The INSTN report estimates the highest hourly whole body dose of gamma-radiation to workers exposed to the various intermediate and final products is 23.56 microsieverts per hour. In which case, assuming a 40-hour working week, a worker would exceed the annual dose limit in the UK of 20 millisieverts in around 1,000 hours or 25 weeks.
More importantly thorium is an alpha emitter so inhaled dust may be a significant radiological hazard, which has not been dealt with in the INSTN’s paper.
The INSTN study also fails to consider adequately all the significant radiation exposure pathways that are typically associated with mineral sands mining operations. In particular whether QMM’s monitoring and management methods are effective in tackling and closing down these pathways.
For example, Thorium is a principle radioactive component of Monazite, and can leach from tailings into water bodies and farmlands. Such NORM-bearing leachate can be taken up by fish, making them radioactively contaminated, and affect the public who buy and eat the fish from local markets. The waterways adjacent to the QMM mine are used for fishing and also feed into the nearest town, Tolagnaro, to provide drinking water.
The full rehabilitation of the mine site and tailings is a further concern. Long-term presence of thorium residue in tailings can take thousands of years to disperse and present a low-level radiation hazard. The sandy soil of the southeast coastline makes the area hard to restore.
As the QMM mine is slow to rehabilitate its dredging pathways, and its environmental commitments now appear to be under question, this aspect of rehabilitation also presents an important aspect of enquiry.
Same old story
Currently heading the Chambres des Mines, a national body coordinating the interests of extractives in Madagascar, Rio Tinto would be expected to set a good example and demonstrate industry standards, not least to secure Madagascar’s membership to the EITA.
In this, it is reasonable to demand the company accounts for how and why QMM has renegotiated or flouted national laws in extending their mining operations into the environmental buffer zone, and how it is managing the mine’s radioactivity risks.
However, QMM’s track record on communications and building trust with the local community has been notoriously poor and the local Antanosy people have complained and publicly protested about QMM’s failed CSR promises, like Ilay, from Ambinanimbe:
“Since people felt betrayed they no longer trust anything QMM says or wants to implement … People are sad about the whole situation but they feel powerless …”
Continued stories of abuse, such as the buffer zone infringement and communities carrying the costs of QMM’s Biodiversity Offsetting, suggest lessons have still not been learnt. Such failures do not substantiate QMM’s social licence to operate or bring Rio Tinto any closer to delivering the ‘model mine’ it wants to write into the history books.
No oversight, no recourse
The recent resignation of the Biodiversity Committee, just three years after the dissolution of QMM’s Independent Advisory Panel (IAP), will deepen concerns over the lack of oversight of QMM operations. Indeed, if Madagascar is to protect its people and unique biodiversity from the ‘resource curse’ it requires more robust monitoring of the extractives sector, both nationally and internationally.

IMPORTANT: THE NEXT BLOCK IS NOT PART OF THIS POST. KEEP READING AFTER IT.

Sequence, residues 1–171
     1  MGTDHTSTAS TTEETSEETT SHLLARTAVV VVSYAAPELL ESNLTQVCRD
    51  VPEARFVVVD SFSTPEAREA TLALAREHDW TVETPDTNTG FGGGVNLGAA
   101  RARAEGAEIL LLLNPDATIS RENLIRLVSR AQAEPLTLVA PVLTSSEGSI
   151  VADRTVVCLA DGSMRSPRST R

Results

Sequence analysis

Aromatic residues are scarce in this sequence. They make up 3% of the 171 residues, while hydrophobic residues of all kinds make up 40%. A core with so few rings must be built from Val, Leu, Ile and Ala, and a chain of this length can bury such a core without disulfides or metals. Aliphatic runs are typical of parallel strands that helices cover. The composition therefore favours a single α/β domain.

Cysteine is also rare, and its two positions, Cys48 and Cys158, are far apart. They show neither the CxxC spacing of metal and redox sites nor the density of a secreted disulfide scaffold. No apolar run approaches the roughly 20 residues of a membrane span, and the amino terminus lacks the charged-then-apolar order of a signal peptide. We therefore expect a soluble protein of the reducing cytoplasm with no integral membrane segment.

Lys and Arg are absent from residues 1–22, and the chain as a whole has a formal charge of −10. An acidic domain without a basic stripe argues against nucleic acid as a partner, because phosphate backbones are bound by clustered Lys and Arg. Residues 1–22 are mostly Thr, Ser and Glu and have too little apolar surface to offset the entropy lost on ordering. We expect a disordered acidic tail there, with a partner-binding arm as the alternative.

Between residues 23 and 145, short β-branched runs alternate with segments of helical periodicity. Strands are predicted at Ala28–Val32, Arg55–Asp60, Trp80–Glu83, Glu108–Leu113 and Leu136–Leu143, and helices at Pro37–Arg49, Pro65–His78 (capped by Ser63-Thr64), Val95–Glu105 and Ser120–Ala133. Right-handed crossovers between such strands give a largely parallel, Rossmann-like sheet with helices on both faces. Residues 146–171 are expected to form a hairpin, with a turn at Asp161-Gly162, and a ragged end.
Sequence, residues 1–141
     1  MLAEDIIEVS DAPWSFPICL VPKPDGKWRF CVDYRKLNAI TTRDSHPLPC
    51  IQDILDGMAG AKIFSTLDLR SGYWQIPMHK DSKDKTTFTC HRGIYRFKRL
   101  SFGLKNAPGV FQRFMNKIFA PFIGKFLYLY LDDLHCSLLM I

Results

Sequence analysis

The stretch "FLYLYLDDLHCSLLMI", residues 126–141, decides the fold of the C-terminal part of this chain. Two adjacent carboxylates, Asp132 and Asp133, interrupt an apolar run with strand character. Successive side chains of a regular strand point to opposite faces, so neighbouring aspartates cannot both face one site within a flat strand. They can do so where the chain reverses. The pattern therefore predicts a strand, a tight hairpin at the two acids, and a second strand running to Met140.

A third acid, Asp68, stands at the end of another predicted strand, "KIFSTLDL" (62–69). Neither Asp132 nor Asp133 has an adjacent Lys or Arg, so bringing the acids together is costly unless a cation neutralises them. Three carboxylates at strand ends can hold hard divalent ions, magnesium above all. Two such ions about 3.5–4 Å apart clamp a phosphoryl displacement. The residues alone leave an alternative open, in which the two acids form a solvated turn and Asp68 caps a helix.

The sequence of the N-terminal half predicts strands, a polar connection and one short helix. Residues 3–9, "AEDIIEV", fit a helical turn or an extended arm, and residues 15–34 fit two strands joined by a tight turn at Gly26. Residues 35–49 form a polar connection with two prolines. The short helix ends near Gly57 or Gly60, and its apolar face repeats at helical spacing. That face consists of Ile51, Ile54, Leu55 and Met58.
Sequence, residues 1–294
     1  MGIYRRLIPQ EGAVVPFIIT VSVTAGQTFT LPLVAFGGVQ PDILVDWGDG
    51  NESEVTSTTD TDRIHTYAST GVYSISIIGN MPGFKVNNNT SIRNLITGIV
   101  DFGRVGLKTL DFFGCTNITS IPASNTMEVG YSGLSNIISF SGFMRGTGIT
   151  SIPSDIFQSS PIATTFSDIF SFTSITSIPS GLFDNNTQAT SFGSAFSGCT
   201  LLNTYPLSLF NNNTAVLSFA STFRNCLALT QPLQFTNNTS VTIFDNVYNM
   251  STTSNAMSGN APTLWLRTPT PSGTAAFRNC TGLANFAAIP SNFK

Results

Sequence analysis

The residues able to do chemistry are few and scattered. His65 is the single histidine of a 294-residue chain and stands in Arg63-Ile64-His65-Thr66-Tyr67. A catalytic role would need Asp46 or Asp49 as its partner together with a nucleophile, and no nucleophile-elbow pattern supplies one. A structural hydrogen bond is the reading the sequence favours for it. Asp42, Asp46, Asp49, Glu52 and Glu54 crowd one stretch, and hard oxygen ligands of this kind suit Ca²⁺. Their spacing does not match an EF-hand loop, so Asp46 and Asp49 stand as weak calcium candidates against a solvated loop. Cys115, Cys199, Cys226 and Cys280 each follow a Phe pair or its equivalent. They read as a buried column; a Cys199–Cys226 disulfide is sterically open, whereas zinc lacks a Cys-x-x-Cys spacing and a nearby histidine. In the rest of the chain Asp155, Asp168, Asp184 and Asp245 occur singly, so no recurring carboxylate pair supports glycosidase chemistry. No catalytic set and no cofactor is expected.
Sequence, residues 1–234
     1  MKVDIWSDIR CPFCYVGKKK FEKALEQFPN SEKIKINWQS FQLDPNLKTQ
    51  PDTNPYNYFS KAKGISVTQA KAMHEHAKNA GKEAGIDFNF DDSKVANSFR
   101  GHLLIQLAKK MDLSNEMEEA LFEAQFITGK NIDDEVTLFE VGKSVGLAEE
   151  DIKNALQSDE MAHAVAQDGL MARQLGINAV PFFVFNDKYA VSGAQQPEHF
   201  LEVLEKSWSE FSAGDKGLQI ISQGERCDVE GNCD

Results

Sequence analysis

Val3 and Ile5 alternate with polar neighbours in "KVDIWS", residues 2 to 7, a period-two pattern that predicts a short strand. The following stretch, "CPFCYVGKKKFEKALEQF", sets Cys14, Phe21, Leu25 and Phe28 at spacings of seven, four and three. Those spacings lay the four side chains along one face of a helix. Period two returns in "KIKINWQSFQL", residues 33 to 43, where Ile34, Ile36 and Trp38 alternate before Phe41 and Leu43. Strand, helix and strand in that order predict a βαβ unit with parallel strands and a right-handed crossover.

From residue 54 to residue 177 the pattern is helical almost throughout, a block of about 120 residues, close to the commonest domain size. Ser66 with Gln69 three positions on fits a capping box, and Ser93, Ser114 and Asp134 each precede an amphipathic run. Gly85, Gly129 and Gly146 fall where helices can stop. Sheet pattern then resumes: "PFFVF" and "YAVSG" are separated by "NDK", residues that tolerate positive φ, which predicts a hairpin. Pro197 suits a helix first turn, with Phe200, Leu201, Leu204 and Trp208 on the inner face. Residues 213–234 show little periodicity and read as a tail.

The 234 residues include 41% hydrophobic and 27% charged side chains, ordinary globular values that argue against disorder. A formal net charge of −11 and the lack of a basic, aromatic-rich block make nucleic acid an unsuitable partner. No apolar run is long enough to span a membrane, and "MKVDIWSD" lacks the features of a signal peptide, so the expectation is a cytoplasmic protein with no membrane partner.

With a Government still largely in disarray following almost five years of political crisis (2009-2014), local institutions lack the capacity and wherewithal for monitoring and regulating foreign extractives projects. A weak civil society and insufficient consultation around the country’s new mining code has disenfranchised communities who live under an increasing threat of land grabs, as described by one Public Officer in Andasibe:
“It seems clear to me that people no longer have the right to secure their land. Why is it so easy for big companies to obtain the right to use the land, while people who live in these areas do not have possibilities to secure their rights?”
Inadequate legal frameworks to protect citizens’ rights, and allegations of corruption on other environmental issues, such as illegal rosewood trafficking, suggest the administration is failing Malagasy citizens. In this context, local people have little recourse when powerful, international corporations fail in their obligations and negatively affect their livelihoods and health.
Scripting alternative narratives
This year the UN Human Rights rapporteur to Madagascar has appealed to the Malagasy Government to address these failings; most particularly that revisions to the Mining Code meet human rights standards.
He calls on Madagascar to become a fully compliant member of the EITA, with “citizen access to courts to ensure that environmental laws are being enforced”, and requiring that citizens are not criminalised or otherwise prevented “in the exercise of “their rights to freedom of expression, association and assembly.”
He particularly calls on businesses and other organisations that work in in Madagascar to “respect communities’ rights of information, participation and remedy.” If the Malagasy Government and corporations such as Rio Tinto can adopt these recommendations there may yet be some hope of protecting local people and their environment.
This story is far from over. Whatever happens, foreign companies like Rio Tinto operating in Madagascar need to talk less about their tales of success, and listen more to the realities experienced by local communities. And they must be answerable for the damage they cause.
Malagasy citizens need support in righting wrongs, and in writing a more sustainable and fairer narrative for the island’s future.